Stupid articles about books

Now and then I love to criticize people who write stupid articles about books in well-known newspapers, and I have another chance today; if you want to scoff a bit, go check out this article fromThe Times on books you shouldn’t bother to read (via).  It’s by Richard Wilson, the author of Can’t Be Arsed: 101 Things Not to Do Before You Die, which is a book I’m pretty sure I don’t need to read before I die.  Yes, the author is trying to be offensive and stupid in his list, but even if you enjoy that sort of thing, it’s not particularly well done — the best he can say about War and Peace is that “it’s way, way too long.”  And he’s got Jane Austen on the list, complaining that he gave up on it after fifty pages because “the characters spoke in a very oblique way and it seemed to be all about hypocrisy and manners and convention.”  Actually, Austen’s dialogue isn’t particularly oblique (you’d think the author would love Hemingway’s relative straightforwardness, but he doesn’t — Hemingway’s on the list too) and hypocrisy and (bad) manners can make for very good reading. Here’s what he says about The Iliad:

The Iliad is one of the most boring books ever written and it’s not just a boring book, it’s a boring epic poem; all repetitive battle scenes with a lot of reproaching and challenging and utterances escaping the barrier of one’s teeth and nostrils filling with dirt and helmet plumes nodding menacingly. There’s a big fight between Achilles and Hector and that’s about it.

Why do people like this get published?  Why?

13 Comments

Filed under Books, Reading

13 responses to “Stupid articles about books

  1. I read the article, too, and I agree about Jane Austen. Imagine if the author of the article had to tackle Fanny Burney! Austen was considered “light” reading back in her day, for a number of reasons, her turns of phrase being one of them.

  2. Eva

    Because they’re controversial, and controversy sells! ;)

    If Austen is oblique, I can’t imagine how he’d deal with non-Western lit!

  3. I guess if he’s the producer of television shows he’d rather you glaze over in front of the TV watching them rather than expanding your mind with a book? I don’t really understand these sorts of books either. I suppose they (author/publisher) must think they’re being humorous?

  4. Bah, what a horrid article. It wasn’t even funny. The sad part is there are probably people out there who read it and thought it was funny and are feeling self-satisfied and confirmed in their lack of reading.

  5. Oh, don’t even bother. The people who would find that funny are were never going to read those books anyway because they know they can’t understand anything more complex than TV news.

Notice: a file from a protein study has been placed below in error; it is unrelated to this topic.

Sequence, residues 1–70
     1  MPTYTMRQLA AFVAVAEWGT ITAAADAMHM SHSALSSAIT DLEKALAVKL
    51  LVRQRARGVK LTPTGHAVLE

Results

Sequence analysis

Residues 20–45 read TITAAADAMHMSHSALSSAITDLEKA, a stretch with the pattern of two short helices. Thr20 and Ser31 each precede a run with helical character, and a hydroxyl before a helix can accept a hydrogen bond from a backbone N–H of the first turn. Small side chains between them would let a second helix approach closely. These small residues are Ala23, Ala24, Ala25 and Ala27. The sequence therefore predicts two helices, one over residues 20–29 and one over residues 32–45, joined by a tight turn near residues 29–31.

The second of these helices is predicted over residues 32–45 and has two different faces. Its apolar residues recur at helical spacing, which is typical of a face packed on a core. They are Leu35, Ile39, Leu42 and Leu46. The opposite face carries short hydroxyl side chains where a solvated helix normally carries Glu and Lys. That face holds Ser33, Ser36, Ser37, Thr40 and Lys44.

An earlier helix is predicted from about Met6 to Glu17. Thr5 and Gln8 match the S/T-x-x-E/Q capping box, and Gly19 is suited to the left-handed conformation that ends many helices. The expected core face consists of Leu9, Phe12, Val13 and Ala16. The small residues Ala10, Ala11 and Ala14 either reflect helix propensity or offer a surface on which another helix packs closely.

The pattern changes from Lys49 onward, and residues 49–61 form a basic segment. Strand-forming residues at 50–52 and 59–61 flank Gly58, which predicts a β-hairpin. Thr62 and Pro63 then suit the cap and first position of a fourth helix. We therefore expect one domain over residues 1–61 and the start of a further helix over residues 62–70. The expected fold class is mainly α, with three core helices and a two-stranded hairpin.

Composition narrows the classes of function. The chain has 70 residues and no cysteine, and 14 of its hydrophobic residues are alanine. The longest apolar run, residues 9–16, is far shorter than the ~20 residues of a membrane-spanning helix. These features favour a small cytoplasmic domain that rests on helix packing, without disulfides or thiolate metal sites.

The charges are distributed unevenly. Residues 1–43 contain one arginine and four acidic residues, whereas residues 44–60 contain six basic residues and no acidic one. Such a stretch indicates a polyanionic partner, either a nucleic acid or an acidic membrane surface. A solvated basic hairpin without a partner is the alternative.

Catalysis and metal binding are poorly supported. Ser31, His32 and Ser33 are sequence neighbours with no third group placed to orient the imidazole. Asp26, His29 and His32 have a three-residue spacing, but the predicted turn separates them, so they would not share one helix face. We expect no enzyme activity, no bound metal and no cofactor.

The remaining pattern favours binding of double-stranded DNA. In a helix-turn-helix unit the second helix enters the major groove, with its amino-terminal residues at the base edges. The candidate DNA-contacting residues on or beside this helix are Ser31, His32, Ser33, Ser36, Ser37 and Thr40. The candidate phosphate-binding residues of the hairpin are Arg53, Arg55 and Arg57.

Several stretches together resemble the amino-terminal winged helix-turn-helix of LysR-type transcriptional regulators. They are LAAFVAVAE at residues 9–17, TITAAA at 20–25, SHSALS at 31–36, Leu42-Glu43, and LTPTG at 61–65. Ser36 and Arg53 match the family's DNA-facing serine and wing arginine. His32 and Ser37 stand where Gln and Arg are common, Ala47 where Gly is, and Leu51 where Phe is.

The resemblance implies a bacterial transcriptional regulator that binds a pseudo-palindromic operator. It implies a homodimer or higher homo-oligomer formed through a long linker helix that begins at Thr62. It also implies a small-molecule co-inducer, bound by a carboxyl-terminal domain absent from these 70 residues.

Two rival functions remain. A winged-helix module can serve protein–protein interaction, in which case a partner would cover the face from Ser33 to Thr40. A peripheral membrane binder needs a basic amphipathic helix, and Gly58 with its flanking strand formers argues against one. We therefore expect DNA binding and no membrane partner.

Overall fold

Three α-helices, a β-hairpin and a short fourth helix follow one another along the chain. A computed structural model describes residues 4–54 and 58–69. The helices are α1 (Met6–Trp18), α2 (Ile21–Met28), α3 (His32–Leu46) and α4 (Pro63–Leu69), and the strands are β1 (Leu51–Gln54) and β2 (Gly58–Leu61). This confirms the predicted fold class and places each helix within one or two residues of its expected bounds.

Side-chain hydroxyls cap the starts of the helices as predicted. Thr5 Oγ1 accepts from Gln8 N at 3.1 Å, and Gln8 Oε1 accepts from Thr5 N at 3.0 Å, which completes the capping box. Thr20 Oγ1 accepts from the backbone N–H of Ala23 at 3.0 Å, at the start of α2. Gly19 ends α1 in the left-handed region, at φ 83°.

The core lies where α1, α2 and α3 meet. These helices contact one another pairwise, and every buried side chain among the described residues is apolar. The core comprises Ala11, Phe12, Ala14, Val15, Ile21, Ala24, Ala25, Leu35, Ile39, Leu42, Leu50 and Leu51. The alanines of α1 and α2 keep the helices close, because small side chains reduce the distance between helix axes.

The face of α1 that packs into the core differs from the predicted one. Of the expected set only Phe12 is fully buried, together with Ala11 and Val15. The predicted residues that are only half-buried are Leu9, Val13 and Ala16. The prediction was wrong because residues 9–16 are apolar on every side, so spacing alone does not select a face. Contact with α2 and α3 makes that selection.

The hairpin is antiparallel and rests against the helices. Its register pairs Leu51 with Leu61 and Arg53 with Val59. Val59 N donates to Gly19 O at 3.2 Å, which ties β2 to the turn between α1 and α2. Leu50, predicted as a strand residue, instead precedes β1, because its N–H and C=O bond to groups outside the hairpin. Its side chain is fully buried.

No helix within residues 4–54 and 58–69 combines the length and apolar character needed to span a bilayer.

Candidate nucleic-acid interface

Bah! Nasty people make me nasty!

  6. I have to agree with Eva- he gets published because someone thinks he’ll sell!

    I must confess that I did laugh at the list, although some of my favourite books are included (eg Pride and Prejudice, For whom the bell tolls). It is rather mean-spirited (it reminds me of The Digested Read section of The Guardian in that respect) but in fairness to the author, he does describe his reasons as offensively glib, and if possible ill-informed- which is certainly the case.

    A pity he seems to have rubbed you up the wrong way.

  7. And some journalists moan because the book pages in newspapers are being whittled down all the time. Well go figure! This is just an embarrassment of an article.

  8. Rob

    I expect that most people will have one or two books they agree with on that list, but the attitude—being humorously ill-informed rather than insightful—is a bit weak.

    Best to just let these things pass without comment. It’ll be in the loo by boxing day.

  9. Is this one of the people who is supposed to a better job of writing about books than bloggers do? If so, doesn’t he rather make the case for book blogs single handed?

  10. What an annoying article. I suppose it might be excusable if it was remotely funny…

  11. tom

    I’m not going to bother to read it. I find it amazing that a NY Times writer has the audacy to to act the critic on Tolstoy and Austen is so few words.

  12. Katherine — I know, it makes no sense! He should try something really challenging!

    Eva — you’re right of course. Controversy is it. But at least the controversy could be better done!

    Danielle — I think the idea WAS to be funny, but he really didn’t pull it off. That made it much worse …

    Stefanie — oh, I know, and the last thing we need is more anti-intellectual, anti-reading and thinking attitudes.

    Sylvia — you’re right — he’s not going to change anybody’s mind, is he?

    Sarah — he did state outright he was going to be offensive, which was good, but I thought he could at least have been more entertaining about it! But to try to be funny and fail much it worse.

    Litlove — that’s right — if you make the content really bad, there’s no reason not to stop offering it, is there?

    Rob — there were a couple things on there I didn’t like either, but yeah, it was the attitude that was the problem. And yes, best to ignore these things, except I do like complaining sometimes!

    Ann — excellent point! Yes, a book blogger could have done a much better job — or better yet, wouldn’t have bothered with that job at all …

    Gentle Reader — exactly; some wit would have helped!

    Tom — It was the London Times, but yeah, it takes some bravery. Too bad the bravery was wasted on something silly.

  13. Well said! I read this article a few days ago and thought “WTF?” Many of the books listed are favorites of mine, and I’m sure (or rather hope) there was some degree of satire in there but it was miserably done.

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